Global circulation patterns
At any time there are many weather systems weaving around the globe, however when averaged over many years a global pattern of air movement emerges.
The reason we have different weather patterns, jet streams, deserts and prevailing winds is all because of the global atmospheric circulation caused by the rotation of the Earth and the amount of heat different parts of the globe receive.
The sun is our main source of heat, and because of the tilt of the Earth, its curvature, our atmosphere, clouds and polar ice and snow, different parts of the world heat up differently. This sets up a big temperature difference between the poles and equator but our global circulation provides a natural air conditioning system to stop the equator becoming hotter and hotter, and poles becoming colder and colder.
The global circulation
Over the major parts of the Earth's surface there are large-scale wind circulations present. The global circulation can be described as the world-wide system of winds by which the necessary transport of heat from tropical to polar latitudes is accomplished.
In each hemisphere there are three cells (Hadley cell, Ferrel cell and Polar cell) in which air circulates through the entire depth of the troposphere. The troposphere is the name given to the vertical extent of the atmosphere from the surface, right up to between 10 and 15 km high. It is the part of the atmosphere where most of the weather takes place.
The largest cells extend from the equator to between 30 and 40 degrees north and south, and are named Hadley cells, after English meteorologist George Hadley.
Within the Hadley cells, the trade winds blow towards the equator, then ascend near the equator as a broken line of thunderstorms, which forms the Inter-Tropical-Convergence Zone (ITCZ). From the tops of these storms, the air flows towards higher latitudes, where it sinks to produce high-pressure regions over the subtropical oceans and the world's hot deserts, such as the Sahara desert in North Africa.
In the middle cells, which are known as the Ferrel cells, air converges at low altitudes to ascend along the boundaries between cool polar air and the warm subtropical air that generally occurs between 60 and 70 degrees north and south. This often occurs around the latitude of the UK which gives us our unsettled weather. The circulation within the Ferrel cell is complicated by a return flow of air at high altitudes towards the tropics, where it joins sinking air from the Hadley cell.
The Ferrel cell moves in the opposite direction to the two other cells (Hadley cell and Polar cell) and acts rather like a gear. In this cell the surface wind would flow from a southerly direction in the northern hemisphere. However, the spin of the Earth induces an apparent motion to the right in the northern hemisphere and left in the southern hemisphere. This deflection is caused by the Coriolis effect and leads to the prevailing westerly and south-westerly winds often experienced over the UK.
The smallest and weakest cells are the Polar cells, which extend from between 60 and 70 degrees north and south, to the poles. Air in these cells sinks over the highest latitudes and flows out towards the lower latitudes at the surface.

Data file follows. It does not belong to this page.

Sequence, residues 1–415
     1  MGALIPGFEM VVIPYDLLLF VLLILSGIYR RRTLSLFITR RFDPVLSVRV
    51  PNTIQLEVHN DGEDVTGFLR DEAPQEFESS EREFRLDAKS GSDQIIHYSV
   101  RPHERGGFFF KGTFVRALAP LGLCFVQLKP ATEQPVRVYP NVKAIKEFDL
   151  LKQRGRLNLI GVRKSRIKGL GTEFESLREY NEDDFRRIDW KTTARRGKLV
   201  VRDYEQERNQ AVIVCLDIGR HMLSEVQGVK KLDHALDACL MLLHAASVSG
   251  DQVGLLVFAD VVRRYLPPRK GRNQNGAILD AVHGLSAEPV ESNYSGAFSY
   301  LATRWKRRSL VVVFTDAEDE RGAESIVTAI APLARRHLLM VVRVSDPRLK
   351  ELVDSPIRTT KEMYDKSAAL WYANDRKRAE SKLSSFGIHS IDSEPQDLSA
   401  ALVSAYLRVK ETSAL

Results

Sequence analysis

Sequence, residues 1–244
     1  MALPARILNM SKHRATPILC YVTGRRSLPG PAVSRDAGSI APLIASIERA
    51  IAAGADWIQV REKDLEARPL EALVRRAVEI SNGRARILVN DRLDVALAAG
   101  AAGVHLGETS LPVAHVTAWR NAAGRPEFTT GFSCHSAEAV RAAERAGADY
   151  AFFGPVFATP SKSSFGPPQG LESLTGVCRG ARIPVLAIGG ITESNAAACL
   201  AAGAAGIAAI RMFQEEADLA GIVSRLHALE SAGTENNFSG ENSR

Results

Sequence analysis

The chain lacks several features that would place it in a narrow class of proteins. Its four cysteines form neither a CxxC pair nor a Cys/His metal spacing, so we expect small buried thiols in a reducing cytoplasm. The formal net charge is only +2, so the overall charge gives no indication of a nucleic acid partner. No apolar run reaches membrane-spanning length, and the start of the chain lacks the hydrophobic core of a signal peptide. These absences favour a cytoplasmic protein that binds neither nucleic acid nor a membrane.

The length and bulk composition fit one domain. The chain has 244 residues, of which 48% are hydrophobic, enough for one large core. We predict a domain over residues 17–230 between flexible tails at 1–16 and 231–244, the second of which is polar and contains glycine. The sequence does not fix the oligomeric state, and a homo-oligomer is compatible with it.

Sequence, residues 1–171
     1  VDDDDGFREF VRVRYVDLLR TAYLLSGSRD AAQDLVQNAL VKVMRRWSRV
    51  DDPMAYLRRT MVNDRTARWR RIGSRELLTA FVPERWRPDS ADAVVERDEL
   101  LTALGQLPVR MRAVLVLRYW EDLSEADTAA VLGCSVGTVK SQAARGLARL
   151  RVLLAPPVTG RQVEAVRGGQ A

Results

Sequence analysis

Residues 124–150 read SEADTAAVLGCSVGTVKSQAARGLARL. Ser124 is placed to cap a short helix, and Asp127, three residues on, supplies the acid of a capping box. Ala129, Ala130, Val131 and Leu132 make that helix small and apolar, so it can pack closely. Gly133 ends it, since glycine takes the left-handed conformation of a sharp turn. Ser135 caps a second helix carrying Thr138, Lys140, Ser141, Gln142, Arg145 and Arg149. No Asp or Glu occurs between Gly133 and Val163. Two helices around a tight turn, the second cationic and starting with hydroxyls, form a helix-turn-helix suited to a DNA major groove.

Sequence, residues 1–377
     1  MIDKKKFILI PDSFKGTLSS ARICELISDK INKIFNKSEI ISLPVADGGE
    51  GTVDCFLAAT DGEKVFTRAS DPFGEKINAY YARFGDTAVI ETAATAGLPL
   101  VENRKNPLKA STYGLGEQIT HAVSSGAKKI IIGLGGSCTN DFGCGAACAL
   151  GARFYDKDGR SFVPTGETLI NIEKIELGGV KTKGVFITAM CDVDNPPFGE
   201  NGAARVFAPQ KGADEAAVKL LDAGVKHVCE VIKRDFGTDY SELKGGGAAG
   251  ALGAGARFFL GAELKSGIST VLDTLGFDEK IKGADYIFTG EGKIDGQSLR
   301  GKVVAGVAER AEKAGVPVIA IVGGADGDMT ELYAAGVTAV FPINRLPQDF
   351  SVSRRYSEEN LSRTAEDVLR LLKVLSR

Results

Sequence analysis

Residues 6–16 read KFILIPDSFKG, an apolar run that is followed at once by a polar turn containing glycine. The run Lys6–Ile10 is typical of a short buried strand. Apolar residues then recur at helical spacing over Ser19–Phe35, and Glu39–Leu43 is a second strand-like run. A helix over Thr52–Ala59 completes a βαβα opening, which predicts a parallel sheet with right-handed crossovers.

The Coriolis effect, winds and UK weather
Now we know about the Hadley, Ferrel and Polar cells, let’s take a look at how all that translates to what we see at the Earth’s surface. As a result of the Earth’s spin, each cell has prevailing winds associated with it, and we also have jet streams, all influenced by something called the Coriolis effect. This explains why air moves in a certain direction around an area of low pressure, and why trade winds exist. It also gives us an idea of why we see certain weather in and around the UK.
Warm moist air from the tropics gets fed north by the surface winds of the Ferrel cell. This then meets cool dry air moving south in the Polar cell. The polar front forms where these two contrasting air mass meet, leading to ascending air and low pressure at the surface, often around the latitude of the UK.
The polar front jet stream drives this area of unstable atmosphere. The UK and many other countries in Europe often experience unsettled weather, which comes from travelling areas of low pressure which form when moist air rises along the polar front.
Weather (or low pressure) systems bearing rain and unsettled conditions move across the Atlantic on a regular basis. The jet stream guides these systems, so its position is important for UK weather.
In summer, the normal position of the jet stream is to be to be north of the UK - dragging those weather systems away from our shores to give us relatively settled weather.
Normally the jet stream runs fairly directly from west to east and pushes weather systems through quite quickly. However, sometimes the steering flow of the jet stream can meander (a bit like a river), curving north and south as it heads east across the Atlantic. This is called a meridional flow, with the more linear west to east flow being called a zonal flow.
During a meridional flow areas of low pressure can become stuck over the UK leading to prolonged periods of rain and strong winds. During the winter the polar front jet stream moves further south leading to a greater risk of unsettled weather, and even snow if cold arctic air masses move south over the UK.
The continued effect of the three circulation cells (Hadley cell, Ferrel cell and Polar cell), combined with the influence of the Coriolis effect results in the global circulation. The net effect is to transfer energy from the tropics towards the poles in a gigantic conveyor belt.